It’s nice to render tribute through films and books the symbolic meaning of Chavez, but its our responsibility and the filmmakers tackling this story, to responsibly learn and apply the lessons learned from his life to truly honor his legacy. And I trust both filmmaker teams will do just that.
The 7th Ambulante Film Festival, which was recently bestowed with Washington’s (WOLA) Human Rights Award for using documentary as a tool for change, launched its spring tour by debuting in Mexico City February 19 and will go on until the 23, before it continues its celebrated pilgrimage to Guerrero, Veracruz, Puebla and a dozen other Mexican cities. The 2012 edition of the passionately led, itinerant film organization will screen 81 titles from 24 countries, and will have visited over 28 cities and towns by end of the year. Born during the 2005 Morelia International Film Festival by Diego Luna, Gael Garcia Bernal, Pablo Cruz, lead by Executive Director, Elena Fortes, and Programming Director Ricardo Giraldo, the pioneering non-profit which also brings and produces film workshops as part of its community outreach program, has already expanded and announced more plans to further its mission abroad and within the U.S.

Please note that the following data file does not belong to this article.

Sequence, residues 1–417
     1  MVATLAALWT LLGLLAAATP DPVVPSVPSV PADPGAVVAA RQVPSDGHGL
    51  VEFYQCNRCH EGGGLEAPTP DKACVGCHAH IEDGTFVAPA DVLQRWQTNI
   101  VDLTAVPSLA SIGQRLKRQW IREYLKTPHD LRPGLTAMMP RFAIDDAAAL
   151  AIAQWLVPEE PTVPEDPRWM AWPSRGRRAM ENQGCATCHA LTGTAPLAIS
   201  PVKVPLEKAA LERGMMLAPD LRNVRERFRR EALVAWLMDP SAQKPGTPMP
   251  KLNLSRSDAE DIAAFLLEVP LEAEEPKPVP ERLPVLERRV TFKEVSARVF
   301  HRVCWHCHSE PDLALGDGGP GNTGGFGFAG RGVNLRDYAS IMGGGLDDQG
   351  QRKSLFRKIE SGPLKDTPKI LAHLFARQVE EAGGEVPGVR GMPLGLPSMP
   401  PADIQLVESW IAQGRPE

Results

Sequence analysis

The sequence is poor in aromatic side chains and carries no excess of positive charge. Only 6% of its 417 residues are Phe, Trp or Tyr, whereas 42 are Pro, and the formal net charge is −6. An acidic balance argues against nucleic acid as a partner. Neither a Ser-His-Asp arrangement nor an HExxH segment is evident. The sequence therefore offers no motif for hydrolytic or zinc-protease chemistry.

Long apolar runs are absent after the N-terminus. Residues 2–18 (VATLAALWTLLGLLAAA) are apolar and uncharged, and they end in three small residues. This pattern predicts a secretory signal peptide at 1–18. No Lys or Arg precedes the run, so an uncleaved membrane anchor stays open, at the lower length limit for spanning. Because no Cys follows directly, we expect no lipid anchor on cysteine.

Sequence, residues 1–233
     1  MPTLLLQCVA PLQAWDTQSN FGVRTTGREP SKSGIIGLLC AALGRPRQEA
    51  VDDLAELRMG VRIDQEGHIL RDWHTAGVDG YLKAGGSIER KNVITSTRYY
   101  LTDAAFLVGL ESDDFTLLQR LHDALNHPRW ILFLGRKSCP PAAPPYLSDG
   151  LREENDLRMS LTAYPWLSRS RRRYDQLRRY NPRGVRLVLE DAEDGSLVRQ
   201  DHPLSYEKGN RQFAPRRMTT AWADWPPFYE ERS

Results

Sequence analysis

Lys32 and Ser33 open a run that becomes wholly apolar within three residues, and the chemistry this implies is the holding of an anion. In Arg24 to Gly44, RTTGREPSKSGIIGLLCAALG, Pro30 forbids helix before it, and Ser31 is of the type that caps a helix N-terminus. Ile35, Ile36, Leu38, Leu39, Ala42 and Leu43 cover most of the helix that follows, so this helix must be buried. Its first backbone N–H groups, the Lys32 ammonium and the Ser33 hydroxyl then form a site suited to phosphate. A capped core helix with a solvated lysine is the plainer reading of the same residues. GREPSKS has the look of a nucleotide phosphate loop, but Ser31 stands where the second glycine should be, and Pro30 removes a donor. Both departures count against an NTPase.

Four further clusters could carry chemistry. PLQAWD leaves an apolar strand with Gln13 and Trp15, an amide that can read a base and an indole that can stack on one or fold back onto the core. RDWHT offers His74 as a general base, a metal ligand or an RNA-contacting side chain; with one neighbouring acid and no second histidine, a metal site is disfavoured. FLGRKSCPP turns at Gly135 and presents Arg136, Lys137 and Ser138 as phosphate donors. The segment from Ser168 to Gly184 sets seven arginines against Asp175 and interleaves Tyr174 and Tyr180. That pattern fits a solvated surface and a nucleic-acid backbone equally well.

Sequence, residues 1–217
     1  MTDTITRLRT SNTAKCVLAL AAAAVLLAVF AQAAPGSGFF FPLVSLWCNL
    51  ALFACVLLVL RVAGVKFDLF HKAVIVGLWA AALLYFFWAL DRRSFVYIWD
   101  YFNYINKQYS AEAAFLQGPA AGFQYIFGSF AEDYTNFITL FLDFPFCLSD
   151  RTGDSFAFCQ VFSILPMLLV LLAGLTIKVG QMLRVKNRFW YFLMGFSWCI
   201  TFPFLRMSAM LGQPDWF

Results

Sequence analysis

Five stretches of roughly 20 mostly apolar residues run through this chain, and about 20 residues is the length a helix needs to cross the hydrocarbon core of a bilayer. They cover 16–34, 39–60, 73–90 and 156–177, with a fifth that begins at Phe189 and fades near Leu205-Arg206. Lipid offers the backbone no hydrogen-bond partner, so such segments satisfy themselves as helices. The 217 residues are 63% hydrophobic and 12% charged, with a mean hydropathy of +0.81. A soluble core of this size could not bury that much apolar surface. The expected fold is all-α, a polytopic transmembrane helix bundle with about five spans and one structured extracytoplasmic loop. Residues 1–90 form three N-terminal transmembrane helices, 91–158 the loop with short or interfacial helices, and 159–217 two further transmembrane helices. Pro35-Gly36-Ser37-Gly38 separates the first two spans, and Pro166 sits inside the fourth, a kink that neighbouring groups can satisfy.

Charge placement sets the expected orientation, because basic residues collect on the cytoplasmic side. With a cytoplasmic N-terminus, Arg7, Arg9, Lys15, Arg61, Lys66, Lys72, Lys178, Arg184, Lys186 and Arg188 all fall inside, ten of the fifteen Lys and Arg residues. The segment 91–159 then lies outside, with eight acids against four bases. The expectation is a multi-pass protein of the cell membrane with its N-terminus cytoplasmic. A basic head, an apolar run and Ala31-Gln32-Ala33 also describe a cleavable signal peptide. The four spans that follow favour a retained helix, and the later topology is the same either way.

Just this past week Ambulante capped off a successful partnership with Cinema Tropical on MOMA’s documentary fortnight in New York. Ambulante will also have a presence at the upcoming Tucson Cine Mexico, showing four documentaries by female directors. And in October, Ambulante will be hosting a screenings’ series here in Los Angeles (stay tuned for more details). Ambulante has previously partnered with LA film organizations before, notably Film Independent’s Los Angeles Film Festival, which in 2009 offered an Ambulante spotlight. Ambulante’s expansion is testament to its success at presenting an intervention type of programming focus, and screening international documentaries in regions where it would otherwise never be shown, and in this latest edition, spearheading forums in which to address Mexico’s social issues such as the persecution of journalists, migration, drug and arms trafficking.
Showing his support at the premiere of De Panzazo!, a documentary about Mexico’s public school system, Gael Garcia Bernal expressed his deep belief of using film as a tool for social responsibility.
Below are just a few of the highlights of this tour:
VIVAN LAS ANTIPODAS by Vincent Kossakovsky a quirky documentary that compares four pairs of locations on exactly opposite sides of the globe- Catch this at the upcoming SXSW festival!
REPORTERO – World premiere from Bernardo Ruiz, a Sundance Institute and Cinereach supported documentary profiling the fearless Tijuana weekly, Zeta. It will be broadcast on POV in the fall.
UTOPIA IN 4 MOVEMENTS by Sam Green and Dave Cerf – the incredibly unique and live musical accompaniment documentary experience.
PINA in 3D by Wim Wenders, the Oscar nominated documentary about legendary dancer, Pina Bausch
The People Vs. George Lucas by Alexandre O. Philippe – the festival favorite documentary where the public who made the blockbuster franchise what it is today, get their say and take the series into their own creative hands.